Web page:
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D - pointer to struct

reply "Carlos Santander B." <carlos8294 msn.com> writes:
I have something like this:

struct A { ... }
...
A* a;

But if I attempt to do anything with 'a', I get an access violation. The
only way I can think to solve this is:

a=(A*)malloc(A.size);

And it actually works. However I'd like to know if there's a better way to
do so. Assuming there's no other way, should I free 'a' after it's not used
or will the GC take care of that?

-------------------------
Carlos Santander


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Jun 23 2003
next sibling parent reply Burton Radons <loth users.sourceforge.net> writes:
Carlos Santander B. wrote:
 I have something like this:
 
 struct A { ... }
 ...
 A* a;
 
 But if I attempt to do anything with 'a', I get an access violation. The
 only way I can think to solve this is:

We can't do anything without an example of what fails!
 a=(A*)malloc(A.size);
 
 And it actually works. However I'd like to know if there's a better way to
 do so. Assuming there's no other way, should I free 'a' after it's not used
 or will the GC take care of that?

Jun 23 2003
parent reply "Carlos Santander B." <carlos8294 msn.com> writes:
"Burton Radons" <loth users.sourceforge.net> escribió en el mensaje
news:bd7jne$1ffs$1 digitaldaemon.com...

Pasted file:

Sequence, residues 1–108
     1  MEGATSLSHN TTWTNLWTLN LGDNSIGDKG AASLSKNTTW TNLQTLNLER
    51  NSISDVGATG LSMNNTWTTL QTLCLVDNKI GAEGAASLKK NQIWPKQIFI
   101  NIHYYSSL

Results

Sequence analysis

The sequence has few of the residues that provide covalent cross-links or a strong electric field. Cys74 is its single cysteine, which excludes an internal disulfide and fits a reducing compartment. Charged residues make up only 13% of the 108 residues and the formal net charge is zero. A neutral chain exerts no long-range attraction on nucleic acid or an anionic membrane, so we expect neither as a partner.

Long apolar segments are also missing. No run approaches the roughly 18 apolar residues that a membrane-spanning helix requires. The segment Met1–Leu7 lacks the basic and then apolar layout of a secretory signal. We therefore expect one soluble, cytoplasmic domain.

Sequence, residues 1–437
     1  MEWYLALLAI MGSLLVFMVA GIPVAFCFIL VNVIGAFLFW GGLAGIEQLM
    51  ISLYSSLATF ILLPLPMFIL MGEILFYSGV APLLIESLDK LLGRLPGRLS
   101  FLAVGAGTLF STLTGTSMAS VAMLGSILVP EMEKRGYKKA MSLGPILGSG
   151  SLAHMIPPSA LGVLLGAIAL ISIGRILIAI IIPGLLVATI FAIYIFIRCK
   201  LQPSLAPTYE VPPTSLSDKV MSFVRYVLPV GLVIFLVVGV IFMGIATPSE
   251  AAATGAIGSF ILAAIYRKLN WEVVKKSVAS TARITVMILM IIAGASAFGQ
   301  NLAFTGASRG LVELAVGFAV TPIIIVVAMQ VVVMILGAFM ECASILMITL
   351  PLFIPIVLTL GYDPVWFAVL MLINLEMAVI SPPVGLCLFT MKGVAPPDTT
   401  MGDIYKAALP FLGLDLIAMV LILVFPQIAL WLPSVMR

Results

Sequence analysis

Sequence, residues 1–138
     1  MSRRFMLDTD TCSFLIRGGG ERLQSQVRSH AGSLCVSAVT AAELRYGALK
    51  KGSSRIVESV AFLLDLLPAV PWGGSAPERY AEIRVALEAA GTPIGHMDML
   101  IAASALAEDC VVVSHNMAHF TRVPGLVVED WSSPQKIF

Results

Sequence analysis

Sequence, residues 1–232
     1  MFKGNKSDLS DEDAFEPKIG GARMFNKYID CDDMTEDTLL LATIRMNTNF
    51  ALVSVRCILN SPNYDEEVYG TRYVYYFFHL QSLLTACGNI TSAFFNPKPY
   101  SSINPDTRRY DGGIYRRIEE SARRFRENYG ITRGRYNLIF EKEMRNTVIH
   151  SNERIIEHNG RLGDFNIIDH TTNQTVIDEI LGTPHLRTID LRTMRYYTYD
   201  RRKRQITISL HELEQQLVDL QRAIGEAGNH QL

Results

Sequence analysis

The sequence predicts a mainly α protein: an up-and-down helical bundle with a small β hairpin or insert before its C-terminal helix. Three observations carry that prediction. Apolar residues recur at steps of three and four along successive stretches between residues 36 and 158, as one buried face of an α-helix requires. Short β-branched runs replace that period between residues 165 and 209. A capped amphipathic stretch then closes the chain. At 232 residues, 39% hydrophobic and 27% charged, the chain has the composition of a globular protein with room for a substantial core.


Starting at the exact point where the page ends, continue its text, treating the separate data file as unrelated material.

| Carlos Santander B. wrote:
| > I have something like this:
| >
| > struct A { ... }
| > ...
| > A* a;
| >
| > But if I attempt to do anything with 'a', I get an access violation. The
| > only way I can think to solve this is:
|
| We can't do anything without an example of what fails!
|
| > a=(A*)malloc(A.size);
| >
| > And it actually works. However I'd like to know if there's a better way
to
| > do so. Assuming there's no other way, should I free 'a' after it's not
used
| > or will the GC take care of that?
|

struct A { int x; }
A* a; /////////[1]
a.x=7;  //<------ Access violation

changing [1] to:

A* a=(A*)malloc(A.size);

works.

-------------------------
Carlos Santander


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Jun 23 2003
parent reply Ilya Minkov <midiclub 8ung.at> writes:
Carlos Santander B. wrote:
 struct A { int x; }
 A* a; /////////[1]
 a.x=7;  //<------ Access violation
 
 changing [1] to:
 
 A* a=(A*)malloc(A.size);

Because on [1], only place for a pointer is reserved on stack, no heap allocation is done. you may want to replace it with A * a = new A; which is basically the same as with malloc, but GC-friendly. malloc is a part of C library, thus whatever it gives you is not collected by the GC. Besides: try not to use the C-style cast, but instead "cast(newtype) expr", since the other may not be supported in future compilers. Reasons are following: - the requierement to recognize C-style casts rejects some otherwise legal expressions; - Burton is against having them, and i believe Walter as well, because they cannot be searched for. -i.
Jun 23 2003
next sibling parent reply "Carlos Santander B." <carlos8294 msn.com> writes:
"Ilya Minkov" <midiclub 8ung.at> escribió en el mensaje
news:bd7l4k$1i25$1 digitaldaemon.com...
| Carlos Santander B. wrote:
| > struct A { int x; }
| > A* a; /////////[1]
| > a.x=7;  //<------ Access violation
| >
| > changing [1] to:
| >
| > A* a=(A*)malloc(A.size);